Mental health practitioner/occupational therapist Shevaughn Addicott is principal of Modern Minds Therapy and has spent more than a decade counselling to locals of all ages.
With screenings of the movie Embrace starting yesterday and on again this afternoon and tonight, today she exposes three common myths about body image and eating disorders.
Myth: Body image issues are normal and therefore no cause for concern.
Truth: In Australia, body image issues have become a cultural norm — however this epidemic is very concerning. Measuring your self worth based on your body image can create mental health issues and a preoccupation with changing your body shape, size or weight. This can lead to unhealthy behaviours that place you at risk of developing an eating disorder. Unsafe dieting, which has also become a cultural norm, is considered one of the most significant risk factors in the development of an eating disorder. Our culture’s perception of body image issues and unsafe dieting as normal and healthy often prevents individuals from recognising and seeking professional support for eating and body image related issues.
Myth: Your body image will change if you change your body.
Truth: Body image is a relationship between the mind and body.
Myth: Body image issues and eating disorders only affect teenage girls.
Truth: Body image issues are generally shaped during childhood and adolescence but are just as prevalent during adulthood. While the common age of onset for eating disorders is between the ages of 12 and 25, eating disorders can affect anyone. Women going through periods of transition and adjustment such as pregnancy, motherhood, separation and menopause are also at greater risk of developing an eating disorder. Individuals with a history of mental illness are also at greater risk. Whilst eating disorders are more common in females, recent studies suggest the prevalence of eating disorders amongst males is rapidly increasing.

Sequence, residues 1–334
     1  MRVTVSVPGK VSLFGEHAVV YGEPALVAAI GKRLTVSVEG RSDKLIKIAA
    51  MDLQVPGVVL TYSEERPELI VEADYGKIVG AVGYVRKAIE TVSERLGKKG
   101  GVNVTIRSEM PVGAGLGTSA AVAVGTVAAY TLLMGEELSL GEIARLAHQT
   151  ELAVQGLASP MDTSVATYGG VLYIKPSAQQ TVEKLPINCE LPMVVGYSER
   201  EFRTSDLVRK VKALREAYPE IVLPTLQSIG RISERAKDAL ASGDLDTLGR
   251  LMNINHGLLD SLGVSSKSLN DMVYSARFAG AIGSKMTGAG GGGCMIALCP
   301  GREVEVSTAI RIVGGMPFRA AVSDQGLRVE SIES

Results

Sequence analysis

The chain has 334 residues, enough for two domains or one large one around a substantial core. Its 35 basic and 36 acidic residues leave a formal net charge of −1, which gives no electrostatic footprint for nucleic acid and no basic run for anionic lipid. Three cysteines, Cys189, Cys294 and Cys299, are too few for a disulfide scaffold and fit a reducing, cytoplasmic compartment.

There are four aspects of body image:
■ How you envision your body is your perceptual body image. This is not always an accurate representation of how you actually look.
■ The way you feel about your body, including how satisfied you are with your appearance, is your effective body image.
■ Your thoughts and beliefs about your body create your cognitive body image.
■ Behaviour you engage in as a result of body image, including unhelpful or unhealthy ones, encompass your behavioural body image.
To improve body image it is important to consider all the above. The support and guidance of a counsellor or mental health professional can be very helpful.
Where can you get help?
■ www.feedyourinstinct.com.au is designed to support parents of children and young people experiencing different types of eating and/or body image issues. It highlights common warning signs, includes an eating and body image checklist and provides useful information and guidance.
■ Speak with your GP about a referral to a counsellor or mental health professional, go to thebutterflyfoundation.org.au or call 1800 33 4673.
Tickets on sale
There are a still a few tickets left for this evening’s screening of Embrace at Moama Bowling Club following last night’s sellout crowd. It is an incredibly serious subject and this forum provides a genuine opportunity for our community to begin a conversation.